The End of the World

Did you hear the news? The world will be destoryed in…(checks watch)…24 hours.

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Theories are going around. Most people I know don’t believe it. They bring up a good point. The Mayan calander DID end in 2012, but what the calander did NOT have…was leap year. Do the math, and the world should have ended last year on 12.21.11. But we’re still here. Yet people still predict that it will end, as predicted, on 12.21.12–the day the Mayan calendar ends.

I found this article and video below very interesting. NASA is even in on it, proving that the world won’t end with the help of doctors and scientists.

http://abcnews.go.com/Technology/video/nasa-mayan-apocalypse-world-end-yesterday-sciencecast-youtube-17967187

I always thought the apocalypse was a good story–an action/adventure topic. Books are written and movies are created about it all the time. It’s a facsinating topic. Hope you enjoy the link!

~J.L. Cordova

“My Antonia”

Do you like Little House on the Prairie? I’m not reviewing it. I’d just thought I’d ask.

Reason I brought up that classic is because my recent read is so similar. Great plains, kids growing up, hardships of the farm…de ja vu.

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My Antonia is a book by well-known novelist Willa Cather (1873-1947). The reason her books are loved so much is because she herself grew up on the wild frontier, so everything in her books, most likely, she experienced. You can rely on her historical facts. My Antonia is one of her most famous works. It follows the life of a young boy who moves to the Great Plains, and it talks about all of his experiences. I learned a lot about the frontier by reading this book.

The story covers the life of Jim Burden and life at his grandparents’ house on the Nebraska frontier. After his parents’ death, Jim leaves his old home and moves to the Great Plains with Jake Marpole, a farm hand at his old place. Soon after he settles, a Bohemian family, the Shimerdas, become the Burdens’ new neighbors. The story really tells the life of Antonia, one of their daughters. It tells of her triumphs and struggles through the eyes of Jim. Jim and Antonia become good friends, and Mr. Shimerda asks Jim to teach Antonia better English and more about America. As time goes on, Jim falls in love with Antonia. Later, it turns into a filial love rather than romantic love. Jim leaves for college in the last half of the book, leaving Antonia, the frontier, and everything behind for the big city. It is a long time before Jim returns home. After all his travels and schooling, he visits beautiful Antonia. (I won’t tell you what he finds.) I think the book ends on a positive note, implying that the frontier life never changes, but it changes the people who grow with it.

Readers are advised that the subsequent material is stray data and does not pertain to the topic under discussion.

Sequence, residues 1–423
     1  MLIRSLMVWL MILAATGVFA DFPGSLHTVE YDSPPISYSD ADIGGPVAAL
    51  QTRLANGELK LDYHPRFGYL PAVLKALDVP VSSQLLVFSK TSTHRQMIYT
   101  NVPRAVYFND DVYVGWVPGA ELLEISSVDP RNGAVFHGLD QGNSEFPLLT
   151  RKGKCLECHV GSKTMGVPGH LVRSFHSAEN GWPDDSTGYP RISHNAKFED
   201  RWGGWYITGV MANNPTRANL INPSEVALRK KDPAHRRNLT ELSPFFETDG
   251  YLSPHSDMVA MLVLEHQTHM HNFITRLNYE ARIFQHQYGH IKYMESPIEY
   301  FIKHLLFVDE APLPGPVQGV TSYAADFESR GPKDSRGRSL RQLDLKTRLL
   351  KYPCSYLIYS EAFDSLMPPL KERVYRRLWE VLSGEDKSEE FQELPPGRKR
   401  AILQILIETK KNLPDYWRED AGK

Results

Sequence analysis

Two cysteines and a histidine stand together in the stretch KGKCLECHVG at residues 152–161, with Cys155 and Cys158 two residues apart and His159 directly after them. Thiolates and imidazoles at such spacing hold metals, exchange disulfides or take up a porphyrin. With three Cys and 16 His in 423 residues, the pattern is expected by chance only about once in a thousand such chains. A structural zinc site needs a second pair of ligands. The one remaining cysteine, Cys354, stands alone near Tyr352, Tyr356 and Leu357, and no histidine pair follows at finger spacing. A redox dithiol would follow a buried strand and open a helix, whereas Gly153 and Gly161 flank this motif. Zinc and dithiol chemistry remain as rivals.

Hope I didn’t spoil it too much for you…

First, I love the description that Cather writes for every little thing. I have a whole new understanding of frontier life. It was difficult. Sure, there’s rolling plains, lots of space…but there’s much more to it. . Plowing the fields, caring for the animals, making food from scratch, going to town to stock up on supplies—everyone on the farm was working. Also, there was a lack of social life. Even neighbors’ houses were so far apart in distance, they couldn’t visit them very often. There was always work to be done for heaven’s sake! During the winter, neighbors rarely saw each other. Also, out West, they didn’t have high-tech, easy equipment to use around the house. Everything had to be washed, made, cleaned, and worked by hand. This made work harder for everyone on the farm, especially the women and the girls. Yet, despite all these hardships, there was still opprotunity for some farm kids to go off to college in the city. Not everyone did, and those who did were in for a great awakening. Let’s face it: city life is not the same as frontier living.

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I mentioned that this book reminded me of Little House on the Prairie by Laura Ingalls Wilder. It does. Because neighbors lived so far apart, and only the men and boys went to town, farm families really bonded together. You can definitely see the strong bond between Jim and his grandparents and even the farm hands. Friendship and family ties add to any story you write. The fact that Jim was close to both of his grandparents and Jake Marpole (a farm hand) really added to the plot and seemed to lighten up the hard frontier life that he had.

Lastly, I will commend Cather on a wonderful storyline. In the middle, it did drag a little bit. But it followed the life of Jim and Antonia. From thier elementary age to post-college, it tells thier story and experiences, whether together or apart from each other. If I dove into any details, you’d be reading this all day. But the bond between them is always there. It’s a theme throughout the book.